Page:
If you go book browsing and see something you like but there are several different editions, do you take the cheapest one, or do you go for the more exotic and colourful one that will add colour, size and general variety to your bookshelves?
For example: Wes Anderson's new movie...
... has a dedication at the end to the writings of Stefan Zweig. Zweig is one of those early to mid 20th century writers who have been rediscovered of late (late 10 years or so) and make you wonder how many other exceptional writers are out there, their stars dimmed only by time and the lack of making it to school reading lists, who deserve to be cherished and read for all time but are lost in the seemingly exponentially growing flood of newer books and the screaming white noise of the best-sellers. As a Stanislaw Lem character pointed out in His Master's Voice "Today, in the flood of garbage, valuable publications must go under, because it is easier to find one worthwhile book among ten worthless than a thousand among a million."
Wes Anderson has no hesitation in admitting his indebtedness in this interview in the The Telegraph. Very impressed.
Several of the smaller presses (twee hipsters?) have done a sterling, sterling I say, job of bringing a lot of these literary needles out of the, um, literary haystacks, and thence to my jaded attention at last. They seem to have been publishing his English translation since the mid-noughties. Also Penguin have had an edition of his novella Chess out since only 2006 - which I read a few years ago as it was referenced in some other book about chess somewhere.
So there I am in Kinokuniya Singapore, killing time while a cheap leather worker fixes my expensive but friable Timberland belt, and having seen the movie last weekend, and having been perked up at the end of this pushing at an overdose of twee movie when that "Based On The Writings Of Stefan Zweig" dedication at the very end came up (my friend noted a change in my attitude) and I thought, Respect!, and therefore I had to grab another/all of his books then and there to read on next week's trip to Australia ("work" - am expecting maybe 6 hours face-time with customers over four days.)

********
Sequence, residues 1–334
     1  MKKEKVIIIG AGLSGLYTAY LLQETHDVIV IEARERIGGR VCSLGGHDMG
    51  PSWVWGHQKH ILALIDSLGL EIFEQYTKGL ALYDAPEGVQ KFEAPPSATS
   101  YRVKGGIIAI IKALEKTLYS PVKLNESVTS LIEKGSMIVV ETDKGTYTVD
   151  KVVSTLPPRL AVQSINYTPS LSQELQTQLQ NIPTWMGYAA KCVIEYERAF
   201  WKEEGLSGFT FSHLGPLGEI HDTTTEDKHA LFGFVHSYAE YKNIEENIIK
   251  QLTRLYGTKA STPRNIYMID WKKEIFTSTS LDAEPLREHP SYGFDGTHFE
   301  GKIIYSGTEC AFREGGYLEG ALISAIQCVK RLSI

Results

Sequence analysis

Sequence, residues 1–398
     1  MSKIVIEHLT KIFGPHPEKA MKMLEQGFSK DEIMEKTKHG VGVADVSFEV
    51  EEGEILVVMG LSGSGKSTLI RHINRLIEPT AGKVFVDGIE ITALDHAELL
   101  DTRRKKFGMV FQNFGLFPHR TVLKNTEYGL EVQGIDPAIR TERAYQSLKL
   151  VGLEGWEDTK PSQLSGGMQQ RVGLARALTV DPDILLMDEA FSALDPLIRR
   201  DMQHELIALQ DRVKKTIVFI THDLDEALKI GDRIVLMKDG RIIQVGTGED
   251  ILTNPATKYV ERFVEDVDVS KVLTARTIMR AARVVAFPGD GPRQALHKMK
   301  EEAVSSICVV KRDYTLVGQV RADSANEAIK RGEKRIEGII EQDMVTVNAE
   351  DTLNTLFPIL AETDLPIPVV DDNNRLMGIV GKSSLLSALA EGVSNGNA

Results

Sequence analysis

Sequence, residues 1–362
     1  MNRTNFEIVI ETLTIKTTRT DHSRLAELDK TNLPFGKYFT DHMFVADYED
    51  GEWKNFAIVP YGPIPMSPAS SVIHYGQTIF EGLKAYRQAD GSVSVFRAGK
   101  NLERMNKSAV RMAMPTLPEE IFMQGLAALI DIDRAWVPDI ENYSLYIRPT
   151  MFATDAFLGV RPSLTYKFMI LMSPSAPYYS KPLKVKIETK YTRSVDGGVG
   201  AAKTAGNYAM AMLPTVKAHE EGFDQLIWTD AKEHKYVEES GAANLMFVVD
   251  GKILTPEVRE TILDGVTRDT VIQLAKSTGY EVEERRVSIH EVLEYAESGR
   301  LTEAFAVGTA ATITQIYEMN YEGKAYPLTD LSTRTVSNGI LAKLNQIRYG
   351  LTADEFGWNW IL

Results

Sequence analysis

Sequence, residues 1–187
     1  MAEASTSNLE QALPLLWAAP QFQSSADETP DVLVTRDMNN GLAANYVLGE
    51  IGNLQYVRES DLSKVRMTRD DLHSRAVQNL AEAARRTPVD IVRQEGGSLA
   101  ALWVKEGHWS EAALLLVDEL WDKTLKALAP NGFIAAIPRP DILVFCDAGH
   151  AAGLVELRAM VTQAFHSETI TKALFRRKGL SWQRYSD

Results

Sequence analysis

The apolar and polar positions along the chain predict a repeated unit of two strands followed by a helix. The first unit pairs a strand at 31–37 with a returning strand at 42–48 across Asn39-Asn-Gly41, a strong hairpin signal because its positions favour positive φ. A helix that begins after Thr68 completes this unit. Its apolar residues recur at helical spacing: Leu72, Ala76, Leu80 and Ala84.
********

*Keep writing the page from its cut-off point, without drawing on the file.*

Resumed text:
But which editions to buy? There was a New York Review of Books copy of Journeys To The Past, but I had the NYRB copy of The Post Office Girl in my bag. NYRB books all look the same - a rectangle just above middle of the front, plain colour spine, fonts always the same. Cute when you only have a few spread here and there, but they are starting to create their own bloc European in my library, particularly in the Russian section (Victor Serge [unread], Andre Platinov [reading], Vasily Grossman [unread], Yuri Olesha [read]). Reminds me of the fields of Penguin orange that once were triumphant across the shelves when I was a beginner bibliophile.
So instead I chose two collections of his short stories/novellae from Pushkin Press (who have comprehensive list of alternative/forgotten/ignored geniuses as well): Letter from An Unknown Woman and Amok because the covers rock!
Cute, different, uncool, awesome, heh? Bound, as it were, to be great.
It's no quite the same as using the jockey's colours to bet on horses, but it's fun and breaks up the monotony.